Jonjonz wrote on Jul 8, 2020, 06:22:I'm gonna go with you didn't read the piece. And if you did and you still feel this way, you need to learn some empathy.
This has to be the most inane, naive, sophomoric Op Ed ever posted here.
Yea just what we need, another Great Leap Forward, or equivalent of the the Russian Marxist revolution. Burn everything down and lynch anyone anonymously accused.
Burrito of Peace wrote on Jul 8, 2020, 13:13:I had been thinking of buying Hellblade: Senua's Sacrifice, and after reading some Steam reviews, checked out gameplay footage from YouTube, and it's the same thing - between long linear corridor exploration periods, mash attack and dodge buttons during combat periods, then return to linear corridor exploration. It's like the Doom Clones from the 90s all over again, been there, done that.
Watched it and...meh. Damage sponge boss with circle, attack, fade, repeat.
The game mechanics are beyond stale at this point.
Ahumado wrote on Jul 6, 2020, 16:30:
SW 2 was trash. SW 1 was great and there was nothing you know what about it
HorrorScope wrote on Jun 26, 2020, 10:46:Mordhaus wrote on Jun 25, 2020, 20:04:
It's the nature of people to pick sides.
And it's learning and intelligence to break past that. I still have some real beef with EGS. Love Steam overall, but EGS no doubt is the one bringing the most value to the buyer between those two currently. Steam reads the room though and is adjusting. EGS as we know is simply buying market share, which most of the time if perfectly legal if one likes it or not. I think I have every major launcher installed, I picked the side of choice, I picked the side that it isn't that hard to do. I'm just starting to look at GOG Galaxy and some 3rd Party Apps of possible one Front that sucks them all in.
jacobvandy wrote on Jun 16, 2020, 22:54:I spent a few hours last night digging around, and yes, there are a heck of a lot of indie sidescrollers and platformers that will release in obscurity. I saw one that was a straight up rip-off of Limbo/Inside. Plenty of Celeste-inspired quick death platformers. Lots and lots of sidescrolling hack-and-slash games.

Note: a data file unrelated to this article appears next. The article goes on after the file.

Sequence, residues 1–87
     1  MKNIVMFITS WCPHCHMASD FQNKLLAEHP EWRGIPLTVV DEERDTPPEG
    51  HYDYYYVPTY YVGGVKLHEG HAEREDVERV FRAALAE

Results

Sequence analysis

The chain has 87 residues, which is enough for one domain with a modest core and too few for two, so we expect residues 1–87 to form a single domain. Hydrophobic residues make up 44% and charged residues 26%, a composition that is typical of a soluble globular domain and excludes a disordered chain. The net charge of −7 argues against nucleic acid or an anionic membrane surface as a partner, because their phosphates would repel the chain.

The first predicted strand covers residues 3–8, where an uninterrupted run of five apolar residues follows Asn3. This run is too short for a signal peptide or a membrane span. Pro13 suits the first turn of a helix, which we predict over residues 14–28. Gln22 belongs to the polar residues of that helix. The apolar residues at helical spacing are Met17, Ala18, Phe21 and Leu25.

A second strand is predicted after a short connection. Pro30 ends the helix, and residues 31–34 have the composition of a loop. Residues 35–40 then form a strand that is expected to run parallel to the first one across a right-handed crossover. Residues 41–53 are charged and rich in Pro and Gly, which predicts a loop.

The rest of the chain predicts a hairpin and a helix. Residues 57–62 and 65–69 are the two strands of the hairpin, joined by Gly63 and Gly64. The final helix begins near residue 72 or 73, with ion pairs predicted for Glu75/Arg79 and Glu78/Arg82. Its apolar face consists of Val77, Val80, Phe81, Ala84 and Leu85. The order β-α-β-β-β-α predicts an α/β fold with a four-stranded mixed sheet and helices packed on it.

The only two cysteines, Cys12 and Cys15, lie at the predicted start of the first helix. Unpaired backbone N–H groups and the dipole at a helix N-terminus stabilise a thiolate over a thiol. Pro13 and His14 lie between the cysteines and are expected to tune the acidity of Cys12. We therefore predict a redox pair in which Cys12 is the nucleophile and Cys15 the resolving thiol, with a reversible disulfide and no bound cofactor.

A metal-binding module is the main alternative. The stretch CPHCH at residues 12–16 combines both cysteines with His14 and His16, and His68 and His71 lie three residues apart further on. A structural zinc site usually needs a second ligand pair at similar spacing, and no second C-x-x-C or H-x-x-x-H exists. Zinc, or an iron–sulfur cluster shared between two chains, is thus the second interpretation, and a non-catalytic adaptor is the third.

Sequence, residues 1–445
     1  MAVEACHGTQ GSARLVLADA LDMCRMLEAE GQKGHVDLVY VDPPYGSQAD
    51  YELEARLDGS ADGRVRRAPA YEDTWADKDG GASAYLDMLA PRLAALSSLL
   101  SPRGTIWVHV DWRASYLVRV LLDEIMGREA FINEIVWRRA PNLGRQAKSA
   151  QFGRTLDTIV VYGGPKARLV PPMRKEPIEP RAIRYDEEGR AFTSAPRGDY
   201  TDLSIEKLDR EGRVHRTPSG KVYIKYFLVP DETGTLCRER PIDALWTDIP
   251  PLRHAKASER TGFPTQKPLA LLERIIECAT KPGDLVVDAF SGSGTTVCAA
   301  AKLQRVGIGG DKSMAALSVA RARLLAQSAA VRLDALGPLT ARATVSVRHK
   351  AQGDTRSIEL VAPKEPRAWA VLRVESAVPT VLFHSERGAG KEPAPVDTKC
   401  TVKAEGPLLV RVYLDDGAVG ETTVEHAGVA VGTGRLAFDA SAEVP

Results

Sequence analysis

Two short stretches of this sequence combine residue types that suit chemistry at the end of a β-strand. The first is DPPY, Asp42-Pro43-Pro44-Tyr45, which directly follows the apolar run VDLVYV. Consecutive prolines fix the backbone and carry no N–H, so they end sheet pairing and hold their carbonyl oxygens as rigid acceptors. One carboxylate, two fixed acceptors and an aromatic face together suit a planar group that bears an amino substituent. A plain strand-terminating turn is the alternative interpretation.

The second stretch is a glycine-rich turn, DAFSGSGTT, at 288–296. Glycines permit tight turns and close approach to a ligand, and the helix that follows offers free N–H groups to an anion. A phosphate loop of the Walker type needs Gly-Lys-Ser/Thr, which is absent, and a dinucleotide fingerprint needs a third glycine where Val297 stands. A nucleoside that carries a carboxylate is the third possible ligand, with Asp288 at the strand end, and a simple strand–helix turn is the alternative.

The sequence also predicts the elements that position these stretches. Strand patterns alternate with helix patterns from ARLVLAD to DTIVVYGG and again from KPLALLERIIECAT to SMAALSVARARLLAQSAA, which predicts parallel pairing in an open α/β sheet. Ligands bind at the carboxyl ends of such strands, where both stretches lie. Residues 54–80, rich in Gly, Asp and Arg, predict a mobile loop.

Like the over-excited senior shouted at Bob Barker, that's too much!
So I glanced through the featured games, installed some demos that piqued my interest, finally got to the list of most popular ones at the bottom... Turns out I should have just skipped to there, since I had queued up about half of those and nothing else. Does anyone really go digging through the whole 900? Seems to me like 95% of these festival games will just wallow in obscurity the same way 95% of the overall Steam catalog does. The cream rises to the top, and that's good enough for myself and anyone I talk to about it.
theglaze wrote on May 26, 2020, 11:18:jacobvandy wrote on May 26, 2020, 10:35:
Because in-home and remote co-op have nothing to do with a cloud, unless you want to consider your own PC to be the "cloud." You are running those games locally and using your own network or internet connection to serve the stream to your other devices or your friend(s). The point of cloud gaming is that you do not download and run the software yourself.
Yes, that is the definition of 'cloud gaming'; there are various use cases for 'remote gaming' and I find it strange that Steam is leaving a gap over the more logical next feature to offer: